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Australia plans to automatically use people’s payment records for coronavirus “tracing”

Another proposed threat to privacy and freedoms.

Australia has plans to use payment records to help with contact tracing for the coronavirus. Should Australians be forced to sacrifice that much privacy in the name of safety?

The health department published a report called the National Contact Tracing Review on Friday. We went through the 92-page report and found it suggested integrating various technologies into the coronavirus response. It argues that even after a vaccine is implemented, the virus will still need to be contained.

The report says that Australia is one of the countries that have managed the pandemic well. However, the current contact tracing methods are inadequate. For instance, contact tracing relies on handwritten records and some public venues such as restaurants record contact details inconsistently.

The review also notes that states operate contact tracing services independently. The only service operated at the national level is the COVIDsafe contact tracing app, which is not effective.
Therefore, the report suggested “an optimal contact tracing and outbreak management system,” which will include a payment tracker.

“The Commonwealth should lead the development of arrangements between states and territories and payment card providers so that contact tracers from the states and territories will be able to request contact details of persons who have made a transaction at a hotspot venue, noting that privacy rules will apply and in some jurisdictions, legislative change may be required,” the health department wrote in the report.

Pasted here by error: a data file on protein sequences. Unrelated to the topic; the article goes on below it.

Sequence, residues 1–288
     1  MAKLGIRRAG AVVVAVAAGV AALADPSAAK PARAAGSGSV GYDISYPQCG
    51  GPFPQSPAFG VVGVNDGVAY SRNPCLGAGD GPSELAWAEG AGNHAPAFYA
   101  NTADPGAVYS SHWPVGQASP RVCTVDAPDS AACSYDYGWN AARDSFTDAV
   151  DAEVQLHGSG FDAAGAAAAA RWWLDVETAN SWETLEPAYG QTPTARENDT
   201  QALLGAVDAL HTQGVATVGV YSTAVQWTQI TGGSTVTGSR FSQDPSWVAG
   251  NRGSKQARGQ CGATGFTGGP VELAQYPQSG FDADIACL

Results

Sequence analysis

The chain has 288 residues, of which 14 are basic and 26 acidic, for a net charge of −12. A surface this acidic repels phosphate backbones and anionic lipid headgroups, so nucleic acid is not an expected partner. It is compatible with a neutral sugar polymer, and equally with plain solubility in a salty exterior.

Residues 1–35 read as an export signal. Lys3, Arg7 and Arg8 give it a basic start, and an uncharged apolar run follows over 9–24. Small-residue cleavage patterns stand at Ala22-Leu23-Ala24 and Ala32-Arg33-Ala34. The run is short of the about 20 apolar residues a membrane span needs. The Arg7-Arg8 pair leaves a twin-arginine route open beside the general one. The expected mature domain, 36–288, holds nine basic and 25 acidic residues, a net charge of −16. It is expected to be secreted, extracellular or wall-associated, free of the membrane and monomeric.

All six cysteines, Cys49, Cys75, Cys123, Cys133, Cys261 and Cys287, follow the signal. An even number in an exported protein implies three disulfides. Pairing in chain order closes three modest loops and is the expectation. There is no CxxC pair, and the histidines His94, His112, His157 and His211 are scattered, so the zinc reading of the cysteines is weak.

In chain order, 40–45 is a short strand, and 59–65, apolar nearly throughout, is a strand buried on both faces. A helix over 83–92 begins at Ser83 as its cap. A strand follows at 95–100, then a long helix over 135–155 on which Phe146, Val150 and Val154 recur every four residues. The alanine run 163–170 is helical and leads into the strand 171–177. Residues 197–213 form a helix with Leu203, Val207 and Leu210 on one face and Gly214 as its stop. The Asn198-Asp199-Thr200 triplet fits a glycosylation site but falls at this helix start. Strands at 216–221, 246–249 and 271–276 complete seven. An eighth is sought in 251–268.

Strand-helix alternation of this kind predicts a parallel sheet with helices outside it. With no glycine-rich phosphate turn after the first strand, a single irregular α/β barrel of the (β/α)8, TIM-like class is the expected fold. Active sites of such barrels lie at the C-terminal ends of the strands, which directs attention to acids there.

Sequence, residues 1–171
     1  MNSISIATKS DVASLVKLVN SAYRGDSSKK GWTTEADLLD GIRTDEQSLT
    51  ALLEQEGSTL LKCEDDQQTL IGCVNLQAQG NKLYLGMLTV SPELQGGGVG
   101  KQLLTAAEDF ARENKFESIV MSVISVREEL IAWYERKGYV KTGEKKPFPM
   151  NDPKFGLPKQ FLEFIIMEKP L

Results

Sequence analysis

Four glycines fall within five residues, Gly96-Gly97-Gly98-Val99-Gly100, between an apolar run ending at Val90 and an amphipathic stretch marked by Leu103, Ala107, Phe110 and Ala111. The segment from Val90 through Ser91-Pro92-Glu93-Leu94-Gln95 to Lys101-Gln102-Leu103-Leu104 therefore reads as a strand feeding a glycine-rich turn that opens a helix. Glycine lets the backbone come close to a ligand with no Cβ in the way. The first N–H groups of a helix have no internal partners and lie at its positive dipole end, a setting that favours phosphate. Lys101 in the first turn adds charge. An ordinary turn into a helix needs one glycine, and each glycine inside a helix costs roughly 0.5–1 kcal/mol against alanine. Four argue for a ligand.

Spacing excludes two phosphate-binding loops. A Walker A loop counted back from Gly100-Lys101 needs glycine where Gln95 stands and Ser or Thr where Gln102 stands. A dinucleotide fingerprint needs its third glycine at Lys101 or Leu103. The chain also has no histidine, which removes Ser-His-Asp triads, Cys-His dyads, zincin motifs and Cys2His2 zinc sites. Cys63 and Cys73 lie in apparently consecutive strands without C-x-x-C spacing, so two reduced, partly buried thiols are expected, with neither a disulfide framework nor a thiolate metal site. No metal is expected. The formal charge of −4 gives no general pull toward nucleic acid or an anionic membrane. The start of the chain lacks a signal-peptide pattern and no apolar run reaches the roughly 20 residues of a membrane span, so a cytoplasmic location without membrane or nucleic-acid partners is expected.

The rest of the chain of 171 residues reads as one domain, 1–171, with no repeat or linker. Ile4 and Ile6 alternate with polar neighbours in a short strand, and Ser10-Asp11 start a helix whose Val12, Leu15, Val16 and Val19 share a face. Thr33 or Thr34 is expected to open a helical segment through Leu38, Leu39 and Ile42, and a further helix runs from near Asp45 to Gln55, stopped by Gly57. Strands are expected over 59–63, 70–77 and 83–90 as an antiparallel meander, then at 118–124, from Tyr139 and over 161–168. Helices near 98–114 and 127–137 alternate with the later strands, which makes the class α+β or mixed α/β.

The review also suggested information sharing between states and territories. “The important thing is that information is shared efficiently, where necessary. States and territories must be able to access and transfer information about cases and contacts where people have crossed borders.”

The review notes that the current method of sharing information, which is via phone calls and emails is ineffective. Therefore, it recommended “the development of a digital data exchange mechanism.”

According to the Department of Health, the best information sharing system would be one that would allow “states and territories to share contact tracing data, and incorporate contact tracing data from sources such as airline and passenger manifests, registries of test results, and relevant government agency data stores.”

The review alleged that the lack of information sharing was the reason why COVIDsafe, which cost $51 (AU$70) million, had detected very few cases. It suggested that the app should be integrated with the contact tracing efforts at the state and territories level.

“The Commonwealth should consult with the states and territories on the best means to report usage of the app in contact tracing.”

The coronavirus restrictions have often taken precedent over freedoms and, if implemented, this new payment tracking is likely to do more of the same.

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